Let there be night: adventures in the dark

5 January 2019

9:00 AM

5 January 2019

9:00 AM

Edward S. Curtis’s 1914 photograph, ‘Dancing to Restore an Eclipsed Moon’, shows the Kwakiutl tribe of North American Indians circling a fire ‘to make a sky creature sneeze and disgorge the moon’. Raised arms are silhouetted against the sky, faces remain imperceptible, and bodies are shrouded in smoke. It is apt that such a mesmerising image should accompany the opening chapter of Nina Edwards’s beguiling book, which gallantly aims to subvert common views of darkness, both physical and metaphorical.

Given the enormous scope of her subject matter (from clothing to Christianity, electricity to the Enlightenment, Islam to the Industrial revolution, black holes to Steve Bannon, and Milton to the moon), it’s perhaps inevitable that some topics receive rather scant treatment (on one page the jump from disembowelling to unlit coastal paths is somewhat unnerving). But, for the most part, Edwards’s approach is considered and engaging as she explores the curious paradoxes and possibilities of ethereal half-shadows and ‘umbral blackness’.As Van Gogh once remarked to his brother: ‘The night is more alive and richly coloured than the day.’

While the gradual introduction of electricity was regarded by many as a symbol of progress and a civilising force in the wilderness — ‘the lighter people’s lives could become […] the better all would be’ — others saw it as an enemy of the benefits of darkness. Edwards questions our desire to be ‘brightly and irrecoverably lit’ and quotes the writer Julian Hawthorne (son of Nathaniel) as suggesting it is the gentle light of the lamp, with its imperfection, impetuosity and limitations, which is ‘more in sympathy with this human nature of ours’.

Even before the arrival of electricity, the concept of light posed a threat to some. In ‘Ode to a Nightingale’, Keats mourned a lost rural idyll of darkness which stood in contrast to the brightened world in which he lived; and a fevered article in the Kölnische Zeitung newspaper from 1819 deems street lighting ‘an interference with God’s order’, its artificial brightness chasing from the mind ‘the horror of darkness that keeps the weak from many a sin’.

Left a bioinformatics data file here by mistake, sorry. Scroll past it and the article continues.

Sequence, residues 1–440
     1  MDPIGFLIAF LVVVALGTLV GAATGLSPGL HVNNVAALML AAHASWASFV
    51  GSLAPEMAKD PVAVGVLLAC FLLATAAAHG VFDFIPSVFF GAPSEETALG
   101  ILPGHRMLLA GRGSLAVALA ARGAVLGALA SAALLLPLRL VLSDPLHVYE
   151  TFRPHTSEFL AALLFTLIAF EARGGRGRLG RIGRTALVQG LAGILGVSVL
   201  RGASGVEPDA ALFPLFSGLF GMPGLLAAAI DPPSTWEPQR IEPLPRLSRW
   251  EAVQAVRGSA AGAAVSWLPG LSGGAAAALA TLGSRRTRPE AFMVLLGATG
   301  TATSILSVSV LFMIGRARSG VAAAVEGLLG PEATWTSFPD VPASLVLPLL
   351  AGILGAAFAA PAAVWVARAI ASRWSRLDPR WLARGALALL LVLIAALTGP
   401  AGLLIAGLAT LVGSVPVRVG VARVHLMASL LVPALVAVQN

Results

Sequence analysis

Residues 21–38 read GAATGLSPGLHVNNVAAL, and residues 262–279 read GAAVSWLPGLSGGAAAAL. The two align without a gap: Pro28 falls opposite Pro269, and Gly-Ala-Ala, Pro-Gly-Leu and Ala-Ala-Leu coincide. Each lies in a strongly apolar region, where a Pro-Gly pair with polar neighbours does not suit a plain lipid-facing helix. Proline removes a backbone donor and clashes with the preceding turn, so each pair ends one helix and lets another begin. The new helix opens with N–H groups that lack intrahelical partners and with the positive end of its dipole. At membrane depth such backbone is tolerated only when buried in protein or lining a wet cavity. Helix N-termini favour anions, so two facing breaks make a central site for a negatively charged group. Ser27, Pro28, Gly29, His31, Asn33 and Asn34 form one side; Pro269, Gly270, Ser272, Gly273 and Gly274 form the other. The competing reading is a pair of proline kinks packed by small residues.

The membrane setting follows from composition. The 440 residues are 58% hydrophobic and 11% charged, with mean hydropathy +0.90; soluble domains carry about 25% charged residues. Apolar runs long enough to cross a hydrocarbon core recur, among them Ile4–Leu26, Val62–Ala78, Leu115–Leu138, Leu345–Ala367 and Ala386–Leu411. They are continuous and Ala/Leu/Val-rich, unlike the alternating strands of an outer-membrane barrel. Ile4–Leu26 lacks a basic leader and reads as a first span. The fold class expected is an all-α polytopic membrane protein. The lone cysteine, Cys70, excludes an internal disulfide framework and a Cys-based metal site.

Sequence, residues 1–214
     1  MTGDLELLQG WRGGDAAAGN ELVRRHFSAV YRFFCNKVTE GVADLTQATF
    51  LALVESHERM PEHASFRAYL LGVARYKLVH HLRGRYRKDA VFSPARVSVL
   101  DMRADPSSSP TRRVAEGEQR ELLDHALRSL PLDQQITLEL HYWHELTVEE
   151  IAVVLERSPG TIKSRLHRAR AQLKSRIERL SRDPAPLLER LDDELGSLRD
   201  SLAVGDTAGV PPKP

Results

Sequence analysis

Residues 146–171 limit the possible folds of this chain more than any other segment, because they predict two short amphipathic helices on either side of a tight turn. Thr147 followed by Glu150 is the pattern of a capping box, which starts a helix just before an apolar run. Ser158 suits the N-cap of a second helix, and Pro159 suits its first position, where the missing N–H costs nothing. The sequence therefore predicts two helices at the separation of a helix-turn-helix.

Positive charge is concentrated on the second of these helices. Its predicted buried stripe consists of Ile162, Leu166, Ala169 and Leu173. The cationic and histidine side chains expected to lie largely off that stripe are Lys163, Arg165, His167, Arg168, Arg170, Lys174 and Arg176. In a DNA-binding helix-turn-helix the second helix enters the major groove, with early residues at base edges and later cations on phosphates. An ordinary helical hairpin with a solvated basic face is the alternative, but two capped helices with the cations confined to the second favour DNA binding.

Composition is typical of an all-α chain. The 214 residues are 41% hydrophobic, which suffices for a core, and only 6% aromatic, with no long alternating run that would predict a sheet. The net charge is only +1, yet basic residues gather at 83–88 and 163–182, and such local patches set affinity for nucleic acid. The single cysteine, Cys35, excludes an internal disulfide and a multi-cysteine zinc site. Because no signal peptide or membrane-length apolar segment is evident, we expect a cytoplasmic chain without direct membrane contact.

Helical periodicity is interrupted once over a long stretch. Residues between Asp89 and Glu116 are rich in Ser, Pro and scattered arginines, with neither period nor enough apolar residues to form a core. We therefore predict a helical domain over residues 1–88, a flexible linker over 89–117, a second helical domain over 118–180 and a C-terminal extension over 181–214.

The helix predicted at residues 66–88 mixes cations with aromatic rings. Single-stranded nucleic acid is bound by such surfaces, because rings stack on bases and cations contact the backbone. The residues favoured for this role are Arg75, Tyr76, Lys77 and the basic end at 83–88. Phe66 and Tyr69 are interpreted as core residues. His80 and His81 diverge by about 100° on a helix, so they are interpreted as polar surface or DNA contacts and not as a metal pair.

As the bright lights and torrents of information multiply in our modern, internet-riddled lives, it seems that, ironically, our capacity for self-knowledge diminishes. Our perception is so limited that Plato’s theory may still apply: we remain ‘shackled at neck and ankle’ in such a manner that we cannot see what is really going on. As we reach for our bright screens, hungry for more information, we remain blind to our more shadowy, and yet truer, selves.

If only we could get closer to our darker sides, our reservoirs of ‘human darkness’, as Jung called it, then we might find ‘the true spirit of life’. Just as Marlow’s journey into the jungle in Joseph Conrad’s Heart of Darkness might represent the uncovering of the character’s unconscious mind, so our attempts to piece together dreams might allow us to travel into the darkest regions of our psyche. Indeed, sleep (Samuel Taylor Coleridge’s ‘fiendish’ other life) presents an ideal state to give vent to our most primitive selves, and Edwards points to the paradox that the darkness of sleep can in fact ‘bring order and clarity to what was confusion’. Yet, according to the American poet John Hollander, it is the fragility and impermanence of human perception that adds to, rather than diminishes, the power of what cannot be clearly apprehended.

Just as Hollander suggests that shadow is an essential ingredient in poetry (‘it insinuates itself into our consciousness. It reflects our lives’), so artists in history have either embraced or failed to escape the elusive nature of art. Da Vinci was fascinated by the sfumato technique which, marking a departure from the vivid chiaroscuro style, engages in all the subtle tonal and chromatic shades that lie between darkness and light to create the illusion of ‘intimate humanity’. But Caravaggio’s attempt to achieve heightened theatricality in his ‘Madonna dei Palafrenieri’ by making the dark darker was lost on some, who saw the effect as mere ‘lack of respectful distance’. Meanwhile, for one art critic, the predominantly dark tones of Mark Rothko’s ‘Seagram Murals’ inspired liberation and peace rather than marking ‘a savage aesthetic revenge’.

It is Goya’s ‘The Half-drowned Dog’ which perhaps best represents the elusive wonder of darkness in art and life. With only its head shown on an otherwise strangely blank canvas, it simply evades definition. ‘It is a symbol that cannot be explained,’ Edwards says, ‘suggesting a metaphor that cannot be unpacked, lost in the dark without the grounding of tenor, so that we are left floating in uncertainty.’

Marking Edwards’s latest work to embrace the neglected and the obscure (previous offerings include weeds, buttons and Offal: A Global History), Darkness leaves the reader floating, too — but full of conviction that truth and beauty can still exist, to quote Edward Lear, ‘when awful darkness and silence reign’.

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